By Madlen Read and Joe Bel Bruno, AP Business Writer
After three days of selling that wiped out about $1 trillion in shareholder value, many investors, though nervous about a prolonged economic downturn, appeared convinced the market had priced in enough bad news. So when the Standard & Poor's 500 index -- the indicator most watched by traders -- managed to recover from multiyear trading lows, buyers swarmed back in.
It's "a herd mentality," said Ryan Larson, senior equity trader at Voyageur Asset Management. "We started going higher -- and you don't want to be the last one on the boat."
The market was following in dramatic fashion its pattern of huge price reversals, one that was set early in the now 15-month-old credit crisis and that has become almost the norm on Wall Street.
Some analysts said investors were positioning themselves ahead of a meeting of Group of 20 leaders in Washington. The meeting could bring decisions on mending the troubled global financial system. The G-20 includes the U.S., Argentina, Australia, Brazil, Britain, Canada, China, France, Germany, India, Indonesia, Italy, Japan, Mexico, Russia, Saudi Arabia, South Africa, South Korea and Turkey.
There was "some anticipation that we'll hear some good news from that meeting," said Jack A. Ablin, chief investment officer at Harris Private Bank. Thursday's rally was "part hopeful, part technical. But certainly welcome."
As stocks rallied, so did oil prices, sending shares of energy companies higher. The biggest gainer among the 30 Dow companies was Chevron Corp., which rose $8.43, or 12.5 percent, to $75.71. Another big gainer was Exxon Mobil Corp., which climbed $6.48, or 9.4 percent, to $75.41; these two energy stocks represented one-fifth of the Dow's point gain Thursday.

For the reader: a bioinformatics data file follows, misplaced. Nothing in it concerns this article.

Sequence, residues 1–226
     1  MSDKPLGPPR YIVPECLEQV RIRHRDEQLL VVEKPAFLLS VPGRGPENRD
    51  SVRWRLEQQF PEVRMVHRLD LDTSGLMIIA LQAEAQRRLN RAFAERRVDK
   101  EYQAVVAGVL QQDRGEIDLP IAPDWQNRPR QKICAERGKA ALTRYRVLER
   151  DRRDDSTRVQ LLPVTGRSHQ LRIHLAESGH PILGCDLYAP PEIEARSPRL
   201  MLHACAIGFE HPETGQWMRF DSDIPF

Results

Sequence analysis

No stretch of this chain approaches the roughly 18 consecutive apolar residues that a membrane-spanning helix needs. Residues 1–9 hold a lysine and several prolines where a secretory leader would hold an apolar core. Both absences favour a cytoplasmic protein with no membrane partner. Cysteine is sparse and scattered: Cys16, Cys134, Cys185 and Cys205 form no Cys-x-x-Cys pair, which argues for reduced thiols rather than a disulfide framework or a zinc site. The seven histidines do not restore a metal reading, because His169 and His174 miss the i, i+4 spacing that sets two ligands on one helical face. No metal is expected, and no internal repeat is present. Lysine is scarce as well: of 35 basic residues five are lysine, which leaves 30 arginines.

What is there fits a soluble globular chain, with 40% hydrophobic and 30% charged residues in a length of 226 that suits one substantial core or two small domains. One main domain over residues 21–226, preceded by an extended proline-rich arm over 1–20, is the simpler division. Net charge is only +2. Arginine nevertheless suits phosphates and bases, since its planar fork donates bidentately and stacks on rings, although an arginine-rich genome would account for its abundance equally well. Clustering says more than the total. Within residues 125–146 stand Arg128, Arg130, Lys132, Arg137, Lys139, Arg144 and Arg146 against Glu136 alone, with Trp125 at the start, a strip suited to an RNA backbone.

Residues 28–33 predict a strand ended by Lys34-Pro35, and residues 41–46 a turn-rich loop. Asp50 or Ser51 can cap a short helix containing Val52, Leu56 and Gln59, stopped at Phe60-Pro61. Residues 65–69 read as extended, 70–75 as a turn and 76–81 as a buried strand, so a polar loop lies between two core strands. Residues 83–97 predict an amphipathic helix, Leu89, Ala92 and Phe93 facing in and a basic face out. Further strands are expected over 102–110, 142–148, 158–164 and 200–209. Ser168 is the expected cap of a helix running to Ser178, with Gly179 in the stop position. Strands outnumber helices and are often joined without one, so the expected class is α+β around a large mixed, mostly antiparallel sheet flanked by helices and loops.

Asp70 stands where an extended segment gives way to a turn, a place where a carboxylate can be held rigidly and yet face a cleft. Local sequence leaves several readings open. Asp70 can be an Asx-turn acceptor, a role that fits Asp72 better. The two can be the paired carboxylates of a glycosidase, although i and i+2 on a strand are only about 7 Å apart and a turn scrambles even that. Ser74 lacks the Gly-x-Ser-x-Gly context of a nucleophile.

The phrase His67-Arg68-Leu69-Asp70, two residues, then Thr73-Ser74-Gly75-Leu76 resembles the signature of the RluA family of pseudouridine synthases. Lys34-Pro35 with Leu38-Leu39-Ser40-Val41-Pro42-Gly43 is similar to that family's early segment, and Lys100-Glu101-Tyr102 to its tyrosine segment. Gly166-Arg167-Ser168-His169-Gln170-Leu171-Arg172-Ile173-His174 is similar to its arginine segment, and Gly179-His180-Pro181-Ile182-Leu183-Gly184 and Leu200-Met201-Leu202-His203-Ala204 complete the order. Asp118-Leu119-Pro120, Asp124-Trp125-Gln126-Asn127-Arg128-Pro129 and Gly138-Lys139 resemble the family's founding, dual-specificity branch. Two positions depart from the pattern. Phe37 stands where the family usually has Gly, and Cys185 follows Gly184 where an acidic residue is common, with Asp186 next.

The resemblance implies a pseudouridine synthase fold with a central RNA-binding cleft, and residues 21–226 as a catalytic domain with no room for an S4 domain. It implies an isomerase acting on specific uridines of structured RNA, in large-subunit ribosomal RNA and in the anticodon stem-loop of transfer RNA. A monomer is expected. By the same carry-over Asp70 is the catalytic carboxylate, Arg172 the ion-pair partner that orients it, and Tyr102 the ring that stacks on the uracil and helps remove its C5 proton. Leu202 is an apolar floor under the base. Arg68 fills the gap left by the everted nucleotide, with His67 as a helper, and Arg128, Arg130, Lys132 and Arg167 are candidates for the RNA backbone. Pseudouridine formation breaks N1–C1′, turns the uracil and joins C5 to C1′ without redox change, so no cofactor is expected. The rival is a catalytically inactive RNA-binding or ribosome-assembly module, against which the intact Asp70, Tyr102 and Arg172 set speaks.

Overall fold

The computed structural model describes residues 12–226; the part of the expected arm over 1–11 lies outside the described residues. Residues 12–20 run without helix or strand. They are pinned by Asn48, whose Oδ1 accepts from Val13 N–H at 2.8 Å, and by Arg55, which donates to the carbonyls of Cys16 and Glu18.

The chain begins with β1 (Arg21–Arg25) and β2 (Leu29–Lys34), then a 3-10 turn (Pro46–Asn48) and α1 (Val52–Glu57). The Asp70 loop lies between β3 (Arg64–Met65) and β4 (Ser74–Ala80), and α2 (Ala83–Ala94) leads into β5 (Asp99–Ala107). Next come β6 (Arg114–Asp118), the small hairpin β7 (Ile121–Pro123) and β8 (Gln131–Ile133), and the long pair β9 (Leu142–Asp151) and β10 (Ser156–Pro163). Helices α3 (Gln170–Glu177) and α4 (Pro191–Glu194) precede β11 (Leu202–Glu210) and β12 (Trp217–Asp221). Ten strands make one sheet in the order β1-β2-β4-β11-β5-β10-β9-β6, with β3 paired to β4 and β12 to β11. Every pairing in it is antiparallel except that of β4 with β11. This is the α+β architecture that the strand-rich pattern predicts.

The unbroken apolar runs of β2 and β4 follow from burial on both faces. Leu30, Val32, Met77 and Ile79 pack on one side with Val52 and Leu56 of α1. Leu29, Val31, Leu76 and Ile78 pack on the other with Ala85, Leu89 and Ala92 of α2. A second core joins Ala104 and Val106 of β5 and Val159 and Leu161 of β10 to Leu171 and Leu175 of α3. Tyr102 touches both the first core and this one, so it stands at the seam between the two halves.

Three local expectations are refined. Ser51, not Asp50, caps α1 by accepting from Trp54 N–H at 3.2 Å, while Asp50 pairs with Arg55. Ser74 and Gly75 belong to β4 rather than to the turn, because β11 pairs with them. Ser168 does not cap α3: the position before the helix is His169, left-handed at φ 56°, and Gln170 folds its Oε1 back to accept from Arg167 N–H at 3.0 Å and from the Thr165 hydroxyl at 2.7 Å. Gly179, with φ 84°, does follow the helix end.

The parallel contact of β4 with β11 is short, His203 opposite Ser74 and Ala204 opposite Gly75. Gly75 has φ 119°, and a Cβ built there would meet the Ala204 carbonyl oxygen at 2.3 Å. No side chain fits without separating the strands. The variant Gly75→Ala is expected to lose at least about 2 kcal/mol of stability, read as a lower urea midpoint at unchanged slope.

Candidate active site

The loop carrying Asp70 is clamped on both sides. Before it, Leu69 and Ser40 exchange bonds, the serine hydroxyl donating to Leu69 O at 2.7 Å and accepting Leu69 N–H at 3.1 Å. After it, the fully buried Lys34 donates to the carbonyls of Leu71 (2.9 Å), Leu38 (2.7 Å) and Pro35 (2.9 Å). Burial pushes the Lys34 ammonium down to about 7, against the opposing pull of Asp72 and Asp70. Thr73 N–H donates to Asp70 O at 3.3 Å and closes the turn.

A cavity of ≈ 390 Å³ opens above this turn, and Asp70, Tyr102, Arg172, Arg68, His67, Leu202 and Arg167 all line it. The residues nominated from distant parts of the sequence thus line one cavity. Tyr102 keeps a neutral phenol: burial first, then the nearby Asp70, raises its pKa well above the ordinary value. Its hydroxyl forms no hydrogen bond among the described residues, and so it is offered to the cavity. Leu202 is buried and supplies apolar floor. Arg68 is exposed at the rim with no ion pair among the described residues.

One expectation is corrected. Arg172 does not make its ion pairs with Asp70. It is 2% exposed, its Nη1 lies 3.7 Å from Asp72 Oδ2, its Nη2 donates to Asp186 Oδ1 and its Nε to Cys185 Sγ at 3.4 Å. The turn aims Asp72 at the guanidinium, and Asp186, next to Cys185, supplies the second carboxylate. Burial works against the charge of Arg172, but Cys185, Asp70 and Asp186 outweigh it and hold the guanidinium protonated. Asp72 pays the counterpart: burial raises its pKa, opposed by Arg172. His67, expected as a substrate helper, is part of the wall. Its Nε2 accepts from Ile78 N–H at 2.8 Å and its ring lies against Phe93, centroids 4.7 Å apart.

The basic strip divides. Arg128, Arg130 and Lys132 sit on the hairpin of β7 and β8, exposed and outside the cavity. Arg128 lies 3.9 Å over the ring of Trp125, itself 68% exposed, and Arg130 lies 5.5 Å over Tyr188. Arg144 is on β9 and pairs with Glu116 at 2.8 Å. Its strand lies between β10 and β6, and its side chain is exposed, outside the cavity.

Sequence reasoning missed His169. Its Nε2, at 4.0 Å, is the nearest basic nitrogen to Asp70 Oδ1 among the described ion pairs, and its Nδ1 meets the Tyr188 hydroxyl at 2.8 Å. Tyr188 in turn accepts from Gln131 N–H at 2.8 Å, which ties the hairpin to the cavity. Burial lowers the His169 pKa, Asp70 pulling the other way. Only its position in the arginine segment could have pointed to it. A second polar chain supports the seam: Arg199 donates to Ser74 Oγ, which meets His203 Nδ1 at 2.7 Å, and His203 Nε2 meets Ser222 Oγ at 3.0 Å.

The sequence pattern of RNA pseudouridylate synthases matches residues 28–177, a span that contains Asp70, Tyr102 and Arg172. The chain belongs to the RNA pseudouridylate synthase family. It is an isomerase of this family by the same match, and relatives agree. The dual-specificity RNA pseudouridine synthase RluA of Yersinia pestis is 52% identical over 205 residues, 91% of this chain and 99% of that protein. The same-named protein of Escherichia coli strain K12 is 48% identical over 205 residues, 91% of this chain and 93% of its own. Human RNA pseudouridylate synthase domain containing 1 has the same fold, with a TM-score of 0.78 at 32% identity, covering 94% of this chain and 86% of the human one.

The price of a barrel of light, sweet crude rose $2.08 to $58.24 on the New York Mercantile Exchange, after falling to the lowest levels since January 2007. Oil has been falling for the same reason as stocks -- the fear of a deep global recession.
Stocks sold off early after the Labor Department said the number of newly laid-off individuals seeking unemployment benefits jumped last week to the highest level since right after the Sept. 11, 2001 terrorist attacks. There was also more evidence of a severe pullback in consumer spending -- a worsening trend that had pummeled stocks earlier in the week. Wal-Mart Stores Inc. trimmed expectations for full-year earnings, and Intel Corp. late Wednesday cut more than $1 billion from its sales forecast.
But then the S&P lifted above its Oct. 10 trading lows, and a Treasury auction of 30-year bonds got lower than average but still decent demand from both domestic and foreign buyers, said Arthur Hogan, chief market analyst at Jefferies & Co. The auction results alleviated some fears about the government having a hard time financing its costly bailout.